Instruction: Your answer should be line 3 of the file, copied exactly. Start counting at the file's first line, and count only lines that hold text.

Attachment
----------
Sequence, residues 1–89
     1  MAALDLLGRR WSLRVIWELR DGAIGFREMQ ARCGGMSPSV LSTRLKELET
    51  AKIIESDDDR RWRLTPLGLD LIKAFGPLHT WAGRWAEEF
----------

    51  AKIIESDDDR RWRLTPLGLD LIKAFGPLHT WAGRWAEEF